"There's cobalt, there's nickel, manganese and other types of deposits," says scientist Carl Gustaf Lundin.
"You might also find trace elements of gold and platinum. And there's a fair amount of iron around also."

One of the main obstacles to mining the ocean floor is water pressure.
The average depth of the ocean is about 4,000 metres and operating any form of equipment under those conditions is particularly challenging.
But Dr Lundin, who works for the International Union for Conservation of Nature, believes it's only a matter of time before substantive mining operations begin.
He warns of significant environmental damage as a result.

(Supplied: Nautilus Minerals)

"If you think of it, the deep sea is where most of the living space on this planet actually is," he says.
"And you are dealing with large machines that could really turn up a lot of the sea bottom and cause significant changes to some of the key habitats down there."

Dr Lundin says recent surveys of abandoned test-mining sites from the 1970s show a residual impact.
"There is in fact no change from the disturbances that happened back in the 70s until today.
So, all the damage that happened is still blatantly visible," he says.
He argues all undersea mining proposals should be subject to environmental impact assessments, just as many land-based mining ventures are.

Poacher and gamekeeper?

The ISA is currently reviewing industry rules, a move which Dr Lundin believes could be responsible for the current spike in interest for deep sea mining.
"A number of countries are positioning themselves in terms of what should be the rules and to also make sure that there is a fair regime in place in terms of equitable distribution of benefits from an industry like this."

He also believes some national governments are working to ensure any new rules are stringent enough to cover the potentially negative impacts from seabed mining.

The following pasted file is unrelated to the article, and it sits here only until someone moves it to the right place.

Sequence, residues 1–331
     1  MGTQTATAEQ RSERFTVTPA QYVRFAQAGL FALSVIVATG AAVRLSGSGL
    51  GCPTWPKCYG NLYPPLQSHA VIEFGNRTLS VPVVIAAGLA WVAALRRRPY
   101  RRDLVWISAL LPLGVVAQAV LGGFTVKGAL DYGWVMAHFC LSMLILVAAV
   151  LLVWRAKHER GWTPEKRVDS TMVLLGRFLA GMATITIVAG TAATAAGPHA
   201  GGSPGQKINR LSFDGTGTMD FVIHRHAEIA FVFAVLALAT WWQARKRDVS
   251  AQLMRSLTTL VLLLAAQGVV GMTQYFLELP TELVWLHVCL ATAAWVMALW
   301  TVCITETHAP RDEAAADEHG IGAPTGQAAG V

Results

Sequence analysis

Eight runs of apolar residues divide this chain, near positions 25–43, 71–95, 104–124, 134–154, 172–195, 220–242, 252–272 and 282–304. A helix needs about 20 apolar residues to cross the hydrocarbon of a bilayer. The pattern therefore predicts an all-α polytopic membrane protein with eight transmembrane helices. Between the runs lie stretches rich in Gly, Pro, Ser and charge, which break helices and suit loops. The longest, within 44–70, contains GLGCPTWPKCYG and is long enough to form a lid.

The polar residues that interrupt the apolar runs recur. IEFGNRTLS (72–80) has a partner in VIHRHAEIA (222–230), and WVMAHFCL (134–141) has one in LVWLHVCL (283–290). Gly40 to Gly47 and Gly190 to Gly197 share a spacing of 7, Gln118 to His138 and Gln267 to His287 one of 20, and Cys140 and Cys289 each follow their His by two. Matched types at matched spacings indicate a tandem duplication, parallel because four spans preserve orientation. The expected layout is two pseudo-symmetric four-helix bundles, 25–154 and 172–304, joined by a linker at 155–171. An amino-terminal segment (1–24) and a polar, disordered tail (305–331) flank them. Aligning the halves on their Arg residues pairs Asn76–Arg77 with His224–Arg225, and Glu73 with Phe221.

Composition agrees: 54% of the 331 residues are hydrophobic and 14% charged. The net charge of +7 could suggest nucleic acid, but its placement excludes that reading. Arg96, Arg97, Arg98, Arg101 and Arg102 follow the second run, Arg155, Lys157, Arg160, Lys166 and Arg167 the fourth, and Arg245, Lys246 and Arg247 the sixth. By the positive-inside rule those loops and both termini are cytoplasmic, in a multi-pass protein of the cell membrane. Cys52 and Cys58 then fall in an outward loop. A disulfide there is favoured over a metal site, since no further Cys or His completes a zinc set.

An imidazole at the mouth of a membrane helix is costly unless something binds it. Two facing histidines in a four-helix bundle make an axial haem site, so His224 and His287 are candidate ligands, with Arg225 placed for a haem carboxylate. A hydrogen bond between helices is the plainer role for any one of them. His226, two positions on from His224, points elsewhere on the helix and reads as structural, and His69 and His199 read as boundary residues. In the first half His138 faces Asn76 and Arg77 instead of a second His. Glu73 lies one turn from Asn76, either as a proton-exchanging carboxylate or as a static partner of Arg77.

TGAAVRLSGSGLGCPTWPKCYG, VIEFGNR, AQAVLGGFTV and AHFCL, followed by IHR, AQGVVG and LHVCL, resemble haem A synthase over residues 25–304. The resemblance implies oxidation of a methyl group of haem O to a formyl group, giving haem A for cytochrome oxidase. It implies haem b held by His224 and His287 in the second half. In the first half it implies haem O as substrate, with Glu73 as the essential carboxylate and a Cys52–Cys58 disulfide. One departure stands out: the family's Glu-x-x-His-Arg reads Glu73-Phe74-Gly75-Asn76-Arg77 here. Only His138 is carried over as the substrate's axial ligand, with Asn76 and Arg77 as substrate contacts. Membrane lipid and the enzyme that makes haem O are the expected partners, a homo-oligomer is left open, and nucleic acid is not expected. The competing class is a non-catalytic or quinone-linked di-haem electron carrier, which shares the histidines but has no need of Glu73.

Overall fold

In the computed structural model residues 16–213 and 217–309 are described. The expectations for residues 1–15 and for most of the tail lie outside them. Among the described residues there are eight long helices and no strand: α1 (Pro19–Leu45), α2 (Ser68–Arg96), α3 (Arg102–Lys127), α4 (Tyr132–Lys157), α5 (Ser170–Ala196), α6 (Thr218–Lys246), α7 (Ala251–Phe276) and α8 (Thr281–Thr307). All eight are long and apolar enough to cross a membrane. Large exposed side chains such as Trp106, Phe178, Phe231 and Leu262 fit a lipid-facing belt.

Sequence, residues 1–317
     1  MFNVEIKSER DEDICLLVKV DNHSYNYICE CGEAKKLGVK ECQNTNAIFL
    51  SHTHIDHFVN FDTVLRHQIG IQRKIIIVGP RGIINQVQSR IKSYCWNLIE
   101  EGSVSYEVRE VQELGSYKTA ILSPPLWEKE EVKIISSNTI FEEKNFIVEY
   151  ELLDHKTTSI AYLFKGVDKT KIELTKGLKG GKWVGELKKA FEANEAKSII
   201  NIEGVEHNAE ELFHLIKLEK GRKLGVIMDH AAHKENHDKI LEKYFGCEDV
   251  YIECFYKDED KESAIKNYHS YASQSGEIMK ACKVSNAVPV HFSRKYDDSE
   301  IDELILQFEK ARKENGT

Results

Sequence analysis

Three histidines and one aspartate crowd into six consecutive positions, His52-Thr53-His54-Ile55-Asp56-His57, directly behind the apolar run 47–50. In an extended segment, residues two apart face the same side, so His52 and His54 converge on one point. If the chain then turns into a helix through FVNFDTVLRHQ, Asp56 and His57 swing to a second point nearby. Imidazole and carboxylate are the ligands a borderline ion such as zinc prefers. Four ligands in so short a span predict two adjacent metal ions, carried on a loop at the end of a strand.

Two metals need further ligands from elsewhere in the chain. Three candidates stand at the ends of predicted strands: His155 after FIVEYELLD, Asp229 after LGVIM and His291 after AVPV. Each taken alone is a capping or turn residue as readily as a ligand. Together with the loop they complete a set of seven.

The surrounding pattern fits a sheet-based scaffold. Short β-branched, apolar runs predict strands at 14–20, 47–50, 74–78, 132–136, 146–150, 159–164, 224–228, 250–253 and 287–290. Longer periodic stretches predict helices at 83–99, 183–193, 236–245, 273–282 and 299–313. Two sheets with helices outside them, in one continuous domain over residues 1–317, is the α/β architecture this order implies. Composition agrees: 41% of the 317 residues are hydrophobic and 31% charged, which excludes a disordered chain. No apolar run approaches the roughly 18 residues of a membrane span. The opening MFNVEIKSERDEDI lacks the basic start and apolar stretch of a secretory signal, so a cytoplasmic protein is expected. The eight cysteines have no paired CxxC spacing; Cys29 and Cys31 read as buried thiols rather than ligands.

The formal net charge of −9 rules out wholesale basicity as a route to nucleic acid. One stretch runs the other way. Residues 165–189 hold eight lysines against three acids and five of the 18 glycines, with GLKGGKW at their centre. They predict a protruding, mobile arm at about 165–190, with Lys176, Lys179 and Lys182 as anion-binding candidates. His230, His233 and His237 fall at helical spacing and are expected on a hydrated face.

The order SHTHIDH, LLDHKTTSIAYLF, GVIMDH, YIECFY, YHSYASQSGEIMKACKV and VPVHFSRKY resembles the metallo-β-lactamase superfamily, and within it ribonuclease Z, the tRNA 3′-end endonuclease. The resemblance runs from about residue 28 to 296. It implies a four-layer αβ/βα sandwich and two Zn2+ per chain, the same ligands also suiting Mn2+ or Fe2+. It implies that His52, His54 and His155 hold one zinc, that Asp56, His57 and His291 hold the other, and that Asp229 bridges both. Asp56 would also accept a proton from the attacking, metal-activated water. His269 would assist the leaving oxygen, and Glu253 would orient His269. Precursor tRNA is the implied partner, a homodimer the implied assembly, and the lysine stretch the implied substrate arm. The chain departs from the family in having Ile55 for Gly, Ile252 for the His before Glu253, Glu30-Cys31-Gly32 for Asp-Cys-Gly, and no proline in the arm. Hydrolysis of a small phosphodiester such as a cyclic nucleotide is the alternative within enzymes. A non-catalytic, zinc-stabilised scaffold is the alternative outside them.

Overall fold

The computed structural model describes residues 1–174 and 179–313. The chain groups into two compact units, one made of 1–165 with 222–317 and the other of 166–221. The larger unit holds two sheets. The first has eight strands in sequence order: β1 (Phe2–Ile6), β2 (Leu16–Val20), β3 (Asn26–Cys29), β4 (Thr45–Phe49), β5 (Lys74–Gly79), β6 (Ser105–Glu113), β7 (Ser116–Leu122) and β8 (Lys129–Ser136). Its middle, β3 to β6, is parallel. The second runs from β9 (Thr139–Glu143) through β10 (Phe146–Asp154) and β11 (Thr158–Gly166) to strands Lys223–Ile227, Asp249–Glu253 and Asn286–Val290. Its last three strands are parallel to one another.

But he says at a core level, the ISA needs to re-examine and rethink its own operations.

The ISA currently has a dual mandate: to regulate deep-sea mining on the one hand, while actively promoting the industry on the other.

Dr Lundin says those roles are conflicting and therefore problematic.
"I think it would be much better for the authority to either be a regulator or an industry promoter.
It is unfortunate that they've chosen that structure," he says.
"That could be rectified. Either they could get out of promoting the industry and do pure regulation, or they could abandon their regulatory aspects and really promote the industry as such."
But while he believes such a shift would be desirable, he doesn't expect it to happen any time soon.

In the meantime, expectations abound — the ninth annual Deep-Sea Mining Summit is due to be held in London in April.

Links :

Tuesday, March 19, 2019

FCC to auction off wireless spectrum that could interfere with vital weather data, rejecting requests from U.S. House and science agencies

From Washington Post by Jason Samenow

The Federal Communications Commission intends to move ahead with a plan to auction off wireless radio frequencies that scientists say could harm critical satellite data used in weather forecasting.